Housing First is the idea and policy that everyone has a right to permanent, affordable housing, and that housing should be provided to the homeless before they are expected to go through any treatment or program for addiction, mental illness, or any other problems that may have contributed to their homelessness in the first place.
This solution is untenable, because housing is too expensive to build for every single homeless person and many people are unable to keep their housing when their underlying addictions or illnesses are not addressed.
But if Housing First isn’t the correct policy to combat homelessness, what is?
To address this question, I’m going to share with you thoughts from Michael Shellenberger, author of San Fransicko: Why Progressives Ruin Cities. I have been referencing his work frequently because he is one of the clearest and loudest voices at present on the issues of homelessness, drug addiction, and mental health.
In a recent discussion hosted by the American Enterprise Institute, Shellenberger explained what the real solution is to getting people off the streets:
Let me start by saying what I think we should do, which is what the Dutch do in Amsterdam, which is that they have sufficient shelter for everybody that needs it. They’ve built sufficient shelter for everybody that needs it, which means they have empty beds at any given time.
I shadowed a social worker. We found a homeless man trying to sleep on the park bench, and the person I was shadowing said, ‘You can’t — you can’t sleep here. We have a shelter bed for you. Let me take you there.’ It is gray area — we did let the guy sleep there that night, but then he [the social worker] said, ‘I’m going to come back tomorrow and then you really have to go into the shelter.’
Everybody has to be sheltered, so that’s a shelter-first policy. You’re saying: You need to be in shelter because it’s not safe on the street. That’s just the basic view of the Dutch and that’s why you don’t see homeless people in Amsterdam.
Then, when you’re in shelter, you would get some evaluation if you need medical care, including psychiatric care, so it’s also treatment-first. And then housing is something that would be earned. What a lot of people want is their own room. They want an apartment, they want their own studio apartment. It’s what everybody wants. I mean, who doesn’t want a studio apartment in Amsterdam? I certainly do. But you have to earn it, and so I saw Rene, who is a character in the book, a Dutch social worker, basically arguing with people who would be like, ‘I want my own room.’ And he would say, ‘You can have your own room, but you’re not taking your meds.’ Or, ‘You can have your own room, but you’re not showing up for your job that we arranged for you and we need you to show up for your job.’ So the housing is earned.
Shelter-first. Treatment-first. Housing is earned. That’s the right way to do it.“Why progressives ruin cities | LIVE STREAM” at the American Enterprise Institute channel on YouTube
He later added:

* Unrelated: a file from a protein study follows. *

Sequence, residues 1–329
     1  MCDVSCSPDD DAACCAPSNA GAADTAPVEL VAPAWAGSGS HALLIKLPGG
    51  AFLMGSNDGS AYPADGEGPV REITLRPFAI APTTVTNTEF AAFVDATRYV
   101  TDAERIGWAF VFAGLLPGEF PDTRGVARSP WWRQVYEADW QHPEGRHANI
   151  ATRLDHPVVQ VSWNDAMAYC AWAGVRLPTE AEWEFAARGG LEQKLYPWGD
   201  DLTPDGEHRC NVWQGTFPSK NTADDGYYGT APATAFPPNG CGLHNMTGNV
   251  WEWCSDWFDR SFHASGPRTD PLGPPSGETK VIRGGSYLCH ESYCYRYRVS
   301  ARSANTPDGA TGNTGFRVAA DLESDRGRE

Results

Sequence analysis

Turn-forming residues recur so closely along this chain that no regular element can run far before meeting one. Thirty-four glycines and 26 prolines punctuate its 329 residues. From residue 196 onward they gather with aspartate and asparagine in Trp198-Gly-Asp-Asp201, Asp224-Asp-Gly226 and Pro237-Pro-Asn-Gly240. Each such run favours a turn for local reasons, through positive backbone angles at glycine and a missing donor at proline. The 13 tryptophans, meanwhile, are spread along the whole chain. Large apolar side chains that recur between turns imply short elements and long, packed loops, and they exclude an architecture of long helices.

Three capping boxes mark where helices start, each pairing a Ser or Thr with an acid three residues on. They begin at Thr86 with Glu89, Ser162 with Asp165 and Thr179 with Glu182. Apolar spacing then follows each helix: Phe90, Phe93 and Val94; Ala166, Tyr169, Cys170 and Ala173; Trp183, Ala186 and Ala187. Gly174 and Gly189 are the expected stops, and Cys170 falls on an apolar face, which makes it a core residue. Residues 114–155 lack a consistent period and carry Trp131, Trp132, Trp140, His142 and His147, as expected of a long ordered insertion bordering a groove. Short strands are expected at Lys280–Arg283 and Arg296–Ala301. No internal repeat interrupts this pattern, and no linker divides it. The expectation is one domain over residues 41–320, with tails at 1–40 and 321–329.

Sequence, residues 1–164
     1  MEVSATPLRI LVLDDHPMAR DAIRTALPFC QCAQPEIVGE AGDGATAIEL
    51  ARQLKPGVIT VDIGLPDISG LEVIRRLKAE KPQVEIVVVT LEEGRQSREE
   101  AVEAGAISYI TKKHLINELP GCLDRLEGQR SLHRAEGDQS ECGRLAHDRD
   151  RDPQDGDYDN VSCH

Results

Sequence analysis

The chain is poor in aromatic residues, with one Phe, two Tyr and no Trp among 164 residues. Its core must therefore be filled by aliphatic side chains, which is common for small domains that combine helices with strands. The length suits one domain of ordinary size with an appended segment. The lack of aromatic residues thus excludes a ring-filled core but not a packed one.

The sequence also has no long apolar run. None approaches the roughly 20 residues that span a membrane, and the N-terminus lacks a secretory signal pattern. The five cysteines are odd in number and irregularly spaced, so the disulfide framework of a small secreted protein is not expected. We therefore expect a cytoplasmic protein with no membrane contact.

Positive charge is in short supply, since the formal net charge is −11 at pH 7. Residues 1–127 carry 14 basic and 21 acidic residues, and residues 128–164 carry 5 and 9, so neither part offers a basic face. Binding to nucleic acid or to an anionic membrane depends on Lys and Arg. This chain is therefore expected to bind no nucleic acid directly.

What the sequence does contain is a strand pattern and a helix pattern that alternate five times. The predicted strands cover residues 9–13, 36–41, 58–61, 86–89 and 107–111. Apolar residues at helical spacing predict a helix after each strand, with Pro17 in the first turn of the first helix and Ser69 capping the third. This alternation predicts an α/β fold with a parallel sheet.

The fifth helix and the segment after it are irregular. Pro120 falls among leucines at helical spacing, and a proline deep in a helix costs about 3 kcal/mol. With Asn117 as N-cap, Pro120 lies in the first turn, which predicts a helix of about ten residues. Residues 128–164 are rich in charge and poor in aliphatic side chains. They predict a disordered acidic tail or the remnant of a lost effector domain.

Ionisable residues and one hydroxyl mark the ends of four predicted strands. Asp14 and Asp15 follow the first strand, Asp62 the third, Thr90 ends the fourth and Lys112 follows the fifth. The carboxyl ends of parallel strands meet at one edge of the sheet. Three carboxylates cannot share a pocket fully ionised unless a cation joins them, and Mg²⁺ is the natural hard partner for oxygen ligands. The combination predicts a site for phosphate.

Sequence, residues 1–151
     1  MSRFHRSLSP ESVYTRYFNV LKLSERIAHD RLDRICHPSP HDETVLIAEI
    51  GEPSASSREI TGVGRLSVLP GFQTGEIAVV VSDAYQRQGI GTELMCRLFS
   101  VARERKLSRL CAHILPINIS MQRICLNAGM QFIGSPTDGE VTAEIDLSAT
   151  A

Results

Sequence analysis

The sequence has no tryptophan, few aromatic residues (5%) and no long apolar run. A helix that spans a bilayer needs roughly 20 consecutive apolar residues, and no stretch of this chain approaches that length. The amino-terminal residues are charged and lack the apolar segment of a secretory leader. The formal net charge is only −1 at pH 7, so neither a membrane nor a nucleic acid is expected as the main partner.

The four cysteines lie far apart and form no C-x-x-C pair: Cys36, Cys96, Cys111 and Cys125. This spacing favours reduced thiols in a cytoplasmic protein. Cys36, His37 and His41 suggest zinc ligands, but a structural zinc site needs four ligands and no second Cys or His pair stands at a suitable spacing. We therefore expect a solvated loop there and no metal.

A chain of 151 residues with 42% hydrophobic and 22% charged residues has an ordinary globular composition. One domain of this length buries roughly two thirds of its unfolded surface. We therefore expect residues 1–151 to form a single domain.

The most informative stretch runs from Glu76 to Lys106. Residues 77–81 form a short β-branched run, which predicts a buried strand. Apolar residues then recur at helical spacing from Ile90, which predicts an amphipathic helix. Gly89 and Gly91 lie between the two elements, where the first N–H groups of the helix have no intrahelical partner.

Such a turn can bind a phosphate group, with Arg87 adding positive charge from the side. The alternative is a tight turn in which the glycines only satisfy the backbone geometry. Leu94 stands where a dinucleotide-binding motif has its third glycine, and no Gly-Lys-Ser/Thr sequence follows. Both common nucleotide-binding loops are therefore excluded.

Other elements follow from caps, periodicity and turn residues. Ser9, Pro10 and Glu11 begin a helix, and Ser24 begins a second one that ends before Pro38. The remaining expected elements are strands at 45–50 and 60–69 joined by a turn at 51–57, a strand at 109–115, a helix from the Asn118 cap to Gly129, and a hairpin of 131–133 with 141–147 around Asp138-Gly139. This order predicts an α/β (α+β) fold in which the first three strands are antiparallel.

It’s just really a simplistic idea. The idea is that you need housing to stabilize and to overcome your addiction or mental illness. The truth is that you need shelter for that, but housing really should be earned because it is expensive, it is a reward for making progress on your personal plan.Why progressives ruin cities | LIVE STREAM” at the American Enterprise Institute channel on YouTube
Housing First is failing San Francisco. It’s clear in the numbers alone. Just look, for instance, at Shellenberger’s Substack article posted yesterday, in which he discussed San Francisco’s homelessness problem with a homeless service provider in the city who wished to remain anonymous for fear of retribution for his comments.
The main progressive approach for addressing homelessness, not just in San Francisco but in progressive cities around the nation, is “Housing First,” which is the notion that taxpayers should give, no questions asked, apartment units to anyone who says they are homeless, and asks for one. What actually works to reduce the addiction that forces many people onto the streets is making housing contingent on abstinence. But Housing First advocates oppose “contingency management,” as it’s called, because, they say, “Housing is a right,” and it should not be conditioned upon behavior change.
But such a policy is absurdly unrealistic, said the San Francisco homeless expert. “To pretend that this city could build enough permanent supportive housing for every homeless person who needs it is ludicrous,” the person said. “I wish it weren’t. I wish I lived in a land where there was plenty of housing. But now people are dying on our streets and it feels like we’re not doing very much about it.”
The underlying problem with Housing First is that it enables addiction. “The National Academies of Sciences review [which showed that giving people apartments did not improve health or other life outcomes] you cited shows that. San Francisco has more permanent supportive housing units per capita than any other city, and we doubled spending on homelessness, but the homeless population rose 13%, even as it went down in the US. And so we doubled our spending and the problem got worse. But if you say that, you get attacked.”
The compassionate approach is not to pour more money into apartment buildings that will house only a fraction of the homeless, and in the meantime let the homeless wallow and die in the streets. The compassionate approach is the one brought to us from Amsterdam via Shellenberger: Shelter the homeless. Get them off the streets and offer them treatment. Remove them from open air drug scenes and provide them medicine for their untreated mental illnesses.
According to Shellenberger, Amsterdam has seen wonderful success. Perhaps we should take note and change our direction.